https://motherboard.vice.com/en_us/arti ... ra-acclaim
Here are some high lights from the interview:
The game concept was created by a room full of guys and one joke leading to the game being green lit.
The games main influence was the Jackass franchises and sex comedies for obvious reasons!
It was one of the rare cases of Video Games getting covered by the New York Times and Playboy, something pretty rare in the early 2000s for video games compared to now! (The market was much smaller back then compared to now.)
Dave Mirra Freestyle BMX series which led to the infamous game was Acclaim answer to the then popular Tony Hawk's Pro Skater series from Activision.(fun fact related to both Acclaim and Activision, the founder of Acclaim was ex-Activision employ: http://www.mobygames.com/company/activi ... ishing-inc).
BMX XXX started as Dave Mirra Freestyle BMX 3 originally and had ideas that would make it way into the later such as story, voice acting, and missions—something the Tony Hawk series would adopt years later. But later on Acclaim got involved and made up the idea of "Let's put strippers in the game." which led to the desater we know today!
It also was influenced by the Grand Theft Auto series which was growing in popularity during that time frame and needed a hard M raunchy game to compete with the title and thought the idea of a BMX game with strippers and vulgarity would be awesome even tough it fell flat on its face!
When the game was first shown to Dave Mirra this happen "I pitched the game to him and he was rolling on the floor, he thought it was the funniest thing ever. He was onboard, he was 100 percent on board. We left his house, [I] came back thinking, 'Everything is great, Dave's signed on, we're going to do this.' And then all his sponsors came back saying, 'Don't even think about it. This will hurt your image in a way that you'll never be able to bounce back from.'" more info below!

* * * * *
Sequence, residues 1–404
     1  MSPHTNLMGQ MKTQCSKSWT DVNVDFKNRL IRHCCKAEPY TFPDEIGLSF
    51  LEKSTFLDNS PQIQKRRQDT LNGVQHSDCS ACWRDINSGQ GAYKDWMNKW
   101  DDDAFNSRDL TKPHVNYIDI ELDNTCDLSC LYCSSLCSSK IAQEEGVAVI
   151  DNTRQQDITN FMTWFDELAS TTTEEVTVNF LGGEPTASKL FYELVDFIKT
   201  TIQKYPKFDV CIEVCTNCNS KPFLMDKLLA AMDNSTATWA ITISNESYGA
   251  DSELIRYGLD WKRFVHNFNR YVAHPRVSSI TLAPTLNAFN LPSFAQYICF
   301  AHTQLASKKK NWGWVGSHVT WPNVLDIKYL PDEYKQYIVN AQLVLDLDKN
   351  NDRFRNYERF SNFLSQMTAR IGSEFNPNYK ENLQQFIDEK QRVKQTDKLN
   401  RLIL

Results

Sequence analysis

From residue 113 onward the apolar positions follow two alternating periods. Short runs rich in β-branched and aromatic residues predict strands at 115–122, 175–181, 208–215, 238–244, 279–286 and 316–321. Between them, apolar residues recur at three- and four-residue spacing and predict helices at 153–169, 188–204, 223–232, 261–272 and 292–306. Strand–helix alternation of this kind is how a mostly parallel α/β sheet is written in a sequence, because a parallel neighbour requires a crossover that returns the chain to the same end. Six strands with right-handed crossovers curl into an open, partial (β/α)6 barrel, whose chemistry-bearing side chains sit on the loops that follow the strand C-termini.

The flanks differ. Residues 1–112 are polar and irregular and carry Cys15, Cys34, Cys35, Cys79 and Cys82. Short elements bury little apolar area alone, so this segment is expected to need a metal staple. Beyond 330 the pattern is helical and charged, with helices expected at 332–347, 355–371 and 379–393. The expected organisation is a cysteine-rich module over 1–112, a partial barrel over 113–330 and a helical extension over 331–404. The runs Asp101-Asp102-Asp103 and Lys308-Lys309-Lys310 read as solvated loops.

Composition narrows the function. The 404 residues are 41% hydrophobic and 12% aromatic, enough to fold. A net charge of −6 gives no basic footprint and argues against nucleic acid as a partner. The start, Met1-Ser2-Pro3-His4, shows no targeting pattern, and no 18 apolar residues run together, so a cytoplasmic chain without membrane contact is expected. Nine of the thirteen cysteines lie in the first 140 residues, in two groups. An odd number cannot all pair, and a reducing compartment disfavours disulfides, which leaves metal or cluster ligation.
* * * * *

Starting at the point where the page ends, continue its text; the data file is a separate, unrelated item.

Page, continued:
Dave Mirra Freestyle BMX 3 was reworked into Dave Mirra BMX XXX, but later changed its name to BMX XXX with Dave Mirra pulling his name/support from the title for obvious reasons!
3 major video game retailers such as Wal-Mart, Toys "R" Us, and KB Toys all have refused to stock the game because it was too vulgar for the more family friendly stores at that time frame.
In Australia the game was initially banned, but later released it in censored form to pass with an MA-15 rating for the country, (the R-18 rating was not around during the time frame.) It also had the same censorship effect the US PS2 version. It did not get censored on the GameCube release despite it being on the most family-friendly console during the time frame making it one of the rare cases of a game being allowed uncensored on Nintendo compared to more adult rivals. (example: The Xbox version of Conker's Bad Fur Day under the Live & Reloaded name was more censored on the profanity department despite it being on the more adult Xbox console compared to the N64, but the Rare Replay version was uncensored with the same M rating but this time the profanity was regular and not strong: http://www.esrb.org/ratings/Synopsis.as ... are+Replay and http://www.esrb.org/ratings/Synopsis.as ... ad+Fur+Day and http://www.esrb.org/ratings/Synopsis.as ... d+Reloaded.)
When Z-Axis was purchased by Activision during its development. They wanted to distance themselves from the infamous project and its controversies as much as possible, in fact, some developers at the studio decided not to put their names in the credits, choosing instead to abbreviate their last names or use the names of historical figures, like Fletcher Christian. Which shows that even the developer was unhappy with this game!
The game only sold around over 160,000 copies world wide on all consoles making it a huge flop that put Acclaim out of business for the obvious!
This is a great read as it is to one of the rare under 40 titles to get the infamous F- grade by the critic himself!
Reserved for classic gaming discussions.
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